Lately I've been realizing how much participating as an author in online interaction spaces (like Facebook and this blog) is helping to deepen my thoughts about audience from the writer's perspective.
Take Facebook for instance. On my profile, friends and acquaintances from various stages of my life collide. I'm used to thinking about them differently, and now they're here, in one space. This gives new perspective to what "writing for a wide audience" means.
Or take the fact that I import this blog into Facebook as well as posting the items here. It makes me aware that others may also be reading this in a different context--e.g., feed readers--and that makes me try to keep those contexts in mind when I write things, knowing that, for instance, people might be seeing two different sets of comments on my posts, or none at all, depending on where they might be reading it.
These sorts of things make me aware of how much I modulate my communication on a daily basis depending on who I'm speaking to and how they're receiving that communication. And as a writer, these thoughts further sensitize me to the nuances of the idea about audience, which is such an important aspect of what we consider as authors.
Walter Ong* says that writers always imagine a particular kind of audience for their writing, and then give their readers roles to step into. It's fascinating to me how these online venues challenge, stretch, and concretize those imaginary audiences, potentially making both author and audience aware how much those roles are a shifting landscape, and how much the audience also creates roles for communicators to step into.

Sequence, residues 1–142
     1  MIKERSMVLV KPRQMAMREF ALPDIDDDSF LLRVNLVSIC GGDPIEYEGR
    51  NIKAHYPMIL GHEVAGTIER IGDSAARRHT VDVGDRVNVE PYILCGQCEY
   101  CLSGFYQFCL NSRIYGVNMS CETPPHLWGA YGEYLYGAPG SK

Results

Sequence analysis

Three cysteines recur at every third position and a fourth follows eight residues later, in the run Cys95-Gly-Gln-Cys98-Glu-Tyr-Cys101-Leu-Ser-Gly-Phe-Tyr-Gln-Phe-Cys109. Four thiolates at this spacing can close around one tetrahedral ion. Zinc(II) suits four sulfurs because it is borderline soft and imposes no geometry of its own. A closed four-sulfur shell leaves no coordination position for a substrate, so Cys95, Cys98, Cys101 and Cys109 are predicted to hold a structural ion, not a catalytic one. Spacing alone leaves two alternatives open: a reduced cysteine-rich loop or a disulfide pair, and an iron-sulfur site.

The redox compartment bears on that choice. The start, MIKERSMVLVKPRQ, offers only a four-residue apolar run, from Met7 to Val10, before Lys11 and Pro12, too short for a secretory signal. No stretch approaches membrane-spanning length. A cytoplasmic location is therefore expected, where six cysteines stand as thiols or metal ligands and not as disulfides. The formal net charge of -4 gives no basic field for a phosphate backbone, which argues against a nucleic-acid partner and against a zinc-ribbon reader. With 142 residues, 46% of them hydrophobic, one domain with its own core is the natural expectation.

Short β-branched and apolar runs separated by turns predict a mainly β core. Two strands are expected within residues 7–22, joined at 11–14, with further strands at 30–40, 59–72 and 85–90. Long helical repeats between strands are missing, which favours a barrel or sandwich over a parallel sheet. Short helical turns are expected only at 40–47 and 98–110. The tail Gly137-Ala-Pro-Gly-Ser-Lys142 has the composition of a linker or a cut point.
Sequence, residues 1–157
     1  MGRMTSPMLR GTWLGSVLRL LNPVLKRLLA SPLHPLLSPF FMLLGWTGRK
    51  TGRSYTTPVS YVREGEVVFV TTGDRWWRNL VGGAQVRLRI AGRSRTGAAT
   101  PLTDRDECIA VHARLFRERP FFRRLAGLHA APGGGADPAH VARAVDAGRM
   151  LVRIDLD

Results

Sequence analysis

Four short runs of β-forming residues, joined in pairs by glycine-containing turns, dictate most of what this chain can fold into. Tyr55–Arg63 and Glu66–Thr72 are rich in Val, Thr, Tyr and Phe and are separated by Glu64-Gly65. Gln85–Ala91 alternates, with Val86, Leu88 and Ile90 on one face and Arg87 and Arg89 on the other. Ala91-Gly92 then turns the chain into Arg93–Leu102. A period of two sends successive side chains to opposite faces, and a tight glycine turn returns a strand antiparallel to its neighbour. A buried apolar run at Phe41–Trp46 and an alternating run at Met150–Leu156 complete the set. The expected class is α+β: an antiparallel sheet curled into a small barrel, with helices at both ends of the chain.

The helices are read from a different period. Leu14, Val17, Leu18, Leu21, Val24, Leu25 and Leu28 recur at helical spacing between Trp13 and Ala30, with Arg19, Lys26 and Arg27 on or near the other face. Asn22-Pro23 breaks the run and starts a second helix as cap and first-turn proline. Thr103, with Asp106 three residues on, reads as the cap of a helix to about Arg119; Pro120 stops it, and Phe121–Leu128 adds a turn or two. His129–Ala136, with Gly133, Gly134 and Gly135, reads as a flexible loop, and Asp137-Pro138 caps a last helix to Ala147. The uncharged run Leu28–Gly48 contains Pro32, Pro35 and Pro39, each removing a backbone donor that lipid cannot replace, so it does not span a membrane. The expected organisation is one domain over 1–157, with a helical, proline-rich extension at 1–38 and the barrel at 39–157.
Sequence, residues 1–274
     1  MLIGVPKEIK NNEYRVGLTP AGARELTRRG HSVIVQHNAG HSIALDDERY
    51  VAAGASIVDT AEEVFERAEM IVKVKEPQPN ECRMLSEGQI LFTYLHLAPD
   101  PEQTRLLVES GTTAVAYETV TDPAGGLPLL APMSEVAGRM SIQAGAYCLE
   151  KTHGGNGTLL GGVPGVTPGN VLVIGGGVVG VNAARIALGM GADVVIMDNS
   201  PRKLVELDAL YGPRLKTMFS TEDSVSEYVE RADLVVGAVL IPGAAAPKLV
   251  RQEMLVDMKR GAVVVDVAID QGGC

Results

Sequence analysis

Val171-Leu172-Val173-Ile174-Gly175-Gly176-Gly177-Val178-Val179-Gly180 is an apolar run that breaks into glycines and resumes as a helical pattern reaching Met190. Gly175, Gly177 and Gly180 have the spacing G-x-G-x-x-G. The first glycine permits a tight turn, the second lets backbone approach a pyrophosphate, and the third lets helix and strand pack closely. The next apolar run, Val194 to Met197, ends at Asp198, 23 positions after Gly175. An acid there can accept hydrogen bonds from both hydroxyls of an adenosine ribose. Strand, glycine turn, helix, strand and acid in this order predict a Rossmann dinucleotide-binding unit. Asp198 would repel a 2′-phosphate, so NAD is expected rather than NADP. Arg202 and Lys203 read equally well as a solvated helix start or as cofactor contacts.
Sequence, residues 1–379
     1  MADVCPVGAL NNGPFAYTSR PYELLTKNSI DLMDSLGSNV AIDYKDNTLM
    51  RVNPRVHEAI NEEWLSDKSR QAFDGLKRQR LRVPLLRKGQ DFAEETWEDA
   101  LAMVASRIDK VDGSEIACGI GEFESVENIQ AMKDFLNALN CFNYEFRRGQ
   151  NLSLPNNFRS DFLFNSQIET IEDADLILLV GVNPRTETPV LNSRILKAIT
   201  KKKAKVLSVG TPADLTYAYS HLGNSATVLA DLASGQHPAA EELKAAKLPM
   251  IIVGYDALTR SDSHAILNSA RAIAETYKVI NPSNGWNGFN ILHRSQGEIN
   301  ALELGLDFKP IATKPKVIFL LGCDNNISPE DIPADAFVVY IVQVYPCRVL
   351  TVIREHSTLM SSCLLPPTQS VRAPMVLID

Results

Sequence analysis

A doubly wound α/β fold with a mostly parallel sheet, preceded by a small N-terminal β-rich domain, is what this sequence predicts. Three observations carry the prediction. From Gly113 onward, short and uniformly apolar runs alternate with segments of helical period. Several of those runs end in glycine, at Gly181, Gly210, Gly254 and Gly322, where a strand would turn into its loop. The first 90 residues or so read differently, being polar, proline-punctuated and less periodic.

Anyone else have any noticings about audience, whether from online or offline venues?
*In his excellent essay "The Writer's Audience Is Always a Fiction"
Thursday, October 9, 2008
Audience and Online Interaction Spaces
I'm a writer, an incurable reader, a narrative theorist, a media researcher, a scholar/author/writer/consultant, a PK, and the Queen of Soup Making. I write a lot, and I've taught a wide range of topics in universities. Along my journey I've picked up a PhD in Communication from Purdue and 2 degrees in English. I've been turning my ideas about communication as author-audience relationships into a communication paradigm that can be applied to a wide range of situations. I'm also writing a historical mystery series. I'm a member of Sisters in Crime, and the co-chair of the Mystery and Detective Fiction Caucus of the Popular Culture Association. My MA thesis focused on connections between T. S. Eliot and Thoreau, who each wondered about how to remain still and still moving. Before I went to grad school, I spent 7 years working for a division of HarperCollins Publishers.